Rewards or payback are not the point. They can’t be. We can’t defend a woman’s right to state her opinions free from misogynistic attacks, but only as long as we agree with her. We can’t fight for women to have the vote but then dictate that they must use it to promote a specifically feminist agenda. And we can’t ignore the fact that different women’s feminist agendas might have different priorities and lead them to different candidates. For some feminists in the Milwaukee debate audience, the candidates’ responses about immigration, minimum wage or the criminal justice system may have held more pressing urgency than their rhetoric on equal pay.

But Sanders supporters also shouldn’t claim to care about equality and then stick their heads in the sand and try to airbrush out the misogynistic abuse a female candidate and her supporters are undeniably facing because they’re worried it might reflect badly on their preferred candidate. They shouldn’t use the fact that sexism has been a major problem in previous campaigns to dismiss the issue, or imply that current male candidates shouldn’t take responsibility when it happens in the ranks of their supporters. It is a particularly male and privileged position to focus on arguing about whether or not this is a new issue, and who should bear the blame for it, while women are experiencing abuse and coming up against sexist double standards at every turn.

The frustrating thing about so many of these familiar and repeated arguments is that they forego nuance in favor of political point scoring, and often miss the point entirely. The feverish attempts to distance Sanders from the issue of online abuse often run close to dismissing and denying women’s experiences and suggesting that the abuse itself is unimportant. When we see young women being pressured to vote for Hillary Clinton because she is a woman, we not only assign them an unfairly swollen burden of responsibility for the privilege of their vote, but also let young men (and indeed all men) off the hook. Seeing greater diversity in political representation shouldn’t be a women’s issue at all—we should demand that the consideration of diversity be a priority for all voters, not just those whose characteristics match those of a particular candidate. The “special place in hell” concept uncomfortably risks placing the burden for solving issues of structural discrimination at women’s feet, rather than demanding systemic change and universal condemnation of inequality.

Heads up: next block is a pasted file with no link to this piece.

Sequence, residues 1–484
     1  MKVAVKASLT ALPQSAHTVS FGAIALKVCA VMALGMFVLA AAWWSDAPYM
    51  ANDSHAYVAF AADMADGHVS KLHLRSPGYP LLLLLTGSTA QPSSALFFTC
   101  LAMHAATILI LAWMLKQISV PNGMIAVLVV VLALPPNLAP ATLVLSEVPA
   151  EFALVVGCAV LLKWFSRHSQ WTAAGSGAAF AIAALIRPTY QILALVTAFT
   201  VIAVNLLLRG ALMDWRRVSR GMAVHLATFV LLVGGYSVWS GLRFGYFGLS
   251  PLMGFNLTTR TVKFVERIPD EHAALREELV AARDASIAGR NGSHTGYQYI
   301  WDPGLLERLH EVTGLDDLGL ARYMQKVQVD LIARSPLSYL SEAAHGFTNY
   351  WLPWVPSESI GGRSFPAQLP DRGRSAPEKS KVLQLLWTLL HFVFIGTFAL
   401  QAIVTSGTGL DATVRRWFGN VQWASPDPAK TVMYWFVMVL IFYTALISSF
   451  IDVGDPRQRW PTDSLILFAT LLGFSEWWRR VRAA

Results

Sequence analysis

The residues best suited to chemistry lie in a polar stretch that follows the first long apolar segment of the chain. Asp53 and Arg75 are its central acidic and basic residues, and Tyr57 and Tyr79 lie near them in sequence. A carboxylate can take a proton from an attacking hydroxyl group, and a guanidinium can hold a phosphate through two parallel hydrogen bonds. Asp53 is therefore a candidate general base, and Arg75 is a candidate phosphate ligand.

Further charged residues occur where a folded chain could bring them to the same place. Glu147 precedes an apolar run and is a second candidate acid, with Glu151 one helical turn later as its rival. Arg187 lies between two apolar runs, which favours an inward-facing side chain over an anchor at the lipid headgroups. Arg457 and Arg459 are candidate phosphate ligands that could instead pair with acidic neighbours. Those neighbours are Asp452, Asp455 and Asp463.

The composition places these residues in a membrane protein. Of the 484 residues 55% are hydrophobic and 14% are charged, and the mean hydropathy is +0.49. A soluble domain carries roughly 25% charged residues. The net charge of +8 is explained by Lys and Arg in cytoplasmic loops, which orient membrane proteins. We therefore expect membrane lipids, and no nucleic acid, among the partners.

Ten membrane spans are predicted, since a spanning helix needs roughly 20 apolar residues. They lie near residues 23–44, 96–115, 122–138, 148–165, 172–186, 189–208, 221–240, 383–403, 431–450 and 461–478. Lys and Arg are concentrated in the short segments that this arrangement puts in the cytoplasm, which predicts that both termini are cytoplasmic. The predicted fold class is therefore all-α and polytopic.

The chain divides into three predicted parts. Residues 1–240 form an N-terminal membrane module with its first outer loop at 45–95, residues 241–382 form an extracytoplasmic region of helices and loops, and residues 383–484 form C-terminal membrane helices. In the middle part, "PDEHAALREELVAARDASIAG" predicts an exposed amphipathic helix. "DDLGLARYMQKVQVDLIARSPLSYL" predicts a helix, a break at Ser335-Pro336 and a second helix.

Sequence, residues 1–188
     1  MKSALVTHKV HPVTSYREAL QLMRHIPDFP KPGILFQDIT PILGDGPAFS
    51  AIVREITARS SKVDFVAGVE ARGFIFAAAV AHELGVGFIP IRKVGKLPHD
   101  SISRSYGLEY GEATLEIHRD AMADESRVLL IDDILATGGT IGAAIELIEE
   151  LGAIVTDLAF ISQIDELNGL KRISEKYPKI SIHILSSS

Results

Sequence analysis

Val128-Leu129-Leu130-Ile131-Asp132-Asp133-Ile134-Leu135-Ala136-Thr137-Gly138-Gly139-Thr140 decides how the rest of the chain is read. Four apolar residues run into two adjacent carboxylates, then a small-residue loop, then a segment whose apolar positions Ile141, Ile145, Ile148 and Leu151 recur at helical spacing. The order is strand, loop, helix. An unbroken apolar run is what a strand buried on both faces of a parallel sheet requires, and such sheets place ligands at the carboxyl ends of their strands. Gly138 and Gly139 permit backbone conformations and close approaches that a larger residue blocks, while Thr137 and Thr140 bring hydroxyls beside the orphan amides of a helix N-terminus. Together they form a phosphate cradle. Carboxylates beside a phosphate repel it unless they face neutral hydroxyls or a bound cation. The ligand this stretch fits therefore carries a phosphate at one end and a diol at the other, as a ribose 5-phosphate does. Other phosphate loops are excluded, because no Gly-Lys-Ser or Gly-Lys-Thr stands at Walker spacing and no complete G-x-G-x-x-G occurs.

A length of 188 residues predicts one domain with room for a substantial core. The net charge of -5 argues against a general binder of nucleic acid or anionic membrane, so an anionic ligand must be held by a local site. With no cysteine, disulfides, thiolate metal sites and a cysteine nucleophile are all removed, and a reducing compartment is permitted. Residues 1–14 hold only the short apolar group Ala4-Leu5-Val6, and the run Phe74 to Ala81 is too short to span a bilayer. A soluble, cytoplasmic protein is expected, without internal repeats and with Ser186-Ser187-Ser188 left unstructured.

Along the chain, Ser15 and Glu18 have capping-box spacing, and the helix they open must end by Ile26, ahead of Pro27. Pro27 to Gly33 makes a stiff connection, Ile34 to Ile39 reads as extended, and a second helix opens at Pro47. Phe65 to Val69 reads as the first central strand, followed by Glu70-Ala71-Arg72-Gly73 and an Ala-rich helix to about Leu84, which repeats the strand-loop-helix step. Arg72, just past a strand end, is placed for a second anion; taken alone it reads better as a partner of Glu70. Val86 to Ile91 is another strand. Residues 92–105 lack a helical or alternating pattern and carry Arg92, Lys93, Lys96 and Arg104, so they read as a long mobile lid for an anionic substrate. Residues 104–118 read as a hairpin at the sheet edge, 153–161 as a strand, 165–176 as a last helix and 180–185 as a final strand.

Conversely, as Jessica Valenti has pointed out, to dismiss those who actively choose a candidate partly on the basis of their gender as irresponsible or sexist is to fail to acknowledge the importance and impact of representation; both at a policy level and for the sake of its influence on the next generations of potential political leaders.

The kerfuffle also risks alienating and insulting female liberal voters who might support neither of the front-running candidates. The tenor of this debate (particularly online) seems to assume that any young woman who has chosen to vote for either Sanders or Clinton is wildly in thrall to their every historical policy position and vote, rather than giving them the credit for having weighed a complex situation and made a complex decision. Funnily enough we don’t see young men’s voting habits being scrutinized and lambasted in the same way.